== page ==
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artful in sending a message to donald trump because donald trump has been, you know, calling us, legitimate news organizations, fake news and alerted people that they're going to be losing their place in the press room at the white house. >> yeah. >> so in way without naming trump, without, you know, without casting aspersion on him or anyone else, he was able to say, this is the reason we have a press, these are the things they need to do. and this is what we need for it not only for country to understand what's going on but to hold our feet to the fire. so that was a very important message without naming names. >> here's the always -- the backdrop, everything he does is about race, of course. her is president obama spoke about the state of race relations in the country. let's watch then we'll pick up on that. >> we got more work to do on race. it is simply not true that things have gotten worse. they haven't. things have getting better. and hopefully my presidency maybe helped that along a little bit. when we feel stress, when we feel pressure, when we're just
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fed information that encourages some of our worst instincts, we tend to fall back into some of the old racial fears and racial divisions and racial stereotypes. >> is his optimism warranted or is it just he's an elite guy, president of the united states, his kids go to elite schools, he hangs around with elite people. is that a general feeling, you think, in the community? >> i think there's a general feeling in the community of two things, i say african-americans, on the one hand you have this african-american president and saw this country kind of almo alst -- the person who aed the question said you saw the rubber band of inequality -- >> people did. >> -- spread as far as it could and saw it expand and there was this hope and possibility. the people on the streets, mothers who lost their children to racially charged incidents with the police, they are not optimist optimistic, they're scared of jeff sessions as attorney general. people take issue with his
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optimism. some ways they're very warranted. even though he was the first african-american president, with saw this movement calling to question race in this country under his presidency. >> you know, roosevelt, the famous line of all-time, in his inaugural address. trump's not going to match it. he's probably not going to match kennedy's, you know, "ask not." he did say "we have nothing to fear but fear itself" a national condition, brought on by a frightening set of economic events, 27% people were out of work. trump is what the people fear. not nothing to fear but fear, they fear trump. >> well, you know -- >> i talked to enough people on this show, jonathan was very good on it the other night and april asked that question, i mean, people, i can see it in people's faces. that they're worried. it isn't political b.s. >> one of the things that the president said today was when people are fed information that incites their hatred and fed false information, i think that's what you're seeing a lot today is that there's stoking up of this racial thing instead of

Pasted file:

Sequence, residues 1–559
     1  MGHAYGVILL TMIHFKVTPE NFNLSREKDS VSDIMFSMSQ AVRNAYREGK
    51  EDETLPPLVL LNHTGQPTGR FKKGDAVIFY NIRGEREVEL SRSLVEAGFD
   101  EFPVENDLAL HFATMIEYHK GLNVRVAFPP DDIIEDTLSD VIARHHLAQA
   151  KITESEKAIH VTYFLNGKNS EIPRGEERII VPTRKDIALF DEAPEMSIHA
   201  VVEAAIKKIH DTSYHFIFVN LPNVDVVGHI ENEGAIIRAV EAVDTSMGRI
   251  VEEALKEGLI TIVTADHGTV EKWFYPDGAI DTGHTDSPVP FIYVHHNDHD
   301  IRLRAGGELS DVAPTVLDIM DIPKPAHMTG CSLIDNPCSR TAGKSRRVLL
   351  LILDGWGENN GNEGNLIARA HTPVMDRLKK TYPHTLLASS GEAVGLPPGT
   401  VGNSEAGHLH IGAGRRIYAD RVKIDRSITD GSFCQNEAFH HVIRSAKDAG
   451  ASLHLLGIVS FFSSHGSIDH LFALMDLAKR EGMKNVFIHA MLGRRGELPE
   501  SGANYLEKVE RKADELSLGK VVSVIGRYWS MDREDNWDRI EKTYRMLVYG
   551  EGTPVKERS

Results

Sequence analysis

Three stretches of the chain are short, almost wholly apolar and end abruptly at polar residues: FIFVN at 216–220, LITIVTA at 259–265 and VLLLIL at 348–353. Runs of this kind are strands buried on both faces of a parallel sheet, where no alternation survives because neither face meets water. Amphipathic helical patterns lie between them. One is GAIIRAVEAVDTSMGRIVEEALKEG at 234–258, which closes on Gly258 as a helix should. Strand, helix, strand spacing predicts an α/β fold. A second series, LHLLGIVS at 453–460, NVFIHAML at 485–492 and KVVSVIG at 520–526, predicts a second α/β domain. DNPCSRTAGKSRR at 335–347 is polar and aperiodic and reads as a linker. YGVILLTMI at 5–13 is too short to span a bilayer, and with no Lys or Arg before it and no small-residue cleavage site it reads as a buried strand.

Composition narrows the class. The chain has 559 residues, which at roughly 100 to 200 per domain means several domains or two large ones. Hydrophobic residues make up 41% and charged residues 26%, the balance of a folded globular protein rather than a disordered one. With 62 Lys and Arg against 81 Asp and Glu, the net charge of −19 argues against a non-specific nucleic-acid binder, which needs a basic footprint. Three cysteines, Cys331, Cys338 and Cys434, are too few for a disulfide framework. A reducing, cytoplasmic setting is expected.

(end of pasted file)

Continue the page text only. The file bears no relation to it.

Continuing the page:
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the calming rhetoric that would bring people together. the best speech obama gave before he became president, other than the one at the convention, was that wonderful st. louis speech, i think with the arch behind him, where he quoted dr. king as saying that the arch of american progress bends slowly but bends toward justice. that's what he was saying at the end of his press conference today. >> it was interesting the people -- i don't think they should fear -- lgbt people probably have made progress which is so strong as a trend that it's not going to be broken with a cycle. it's moving from i can't explain to my kids gay jokes 30 years ago are so out of place now. so unacceptable and comments that were made in conversation. that's all gone. >> real quickly, you have to remember that obama -- >> it's gone. >> -- was against gay marriage when he ran for president. >> that's a positioning, let's be honest. joe biden of all people, mr. joe with traditional values -- >> i'm saying times have changed
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rapidly. >> my gay friends are very, very concerned and i've heard reports from a variety of people saying that they've actually experienced pushback like they haven't felt indecades. >> what kind? >> meaning that just overheard comments, one in a restaurant, which i hate to even say, but these people were talking and they said, oh, the good thing about trump is now we don't have to be nice to mexicans and gays anymore. that kind of thing. people feel like they can give voice to these comments and these feelings that we haven't heard in a long time. >> well -- >> so the concern is only the president can change that tenor and we hope he does. >> i think he will. i don't know if he will. i think he will. do you think he will say something on friday? two more days. that campaign, this is a free country, we're together. >> go back to the night he won, he sounded like someone who was red doi briady to bring the cou together. the issue is whether or not he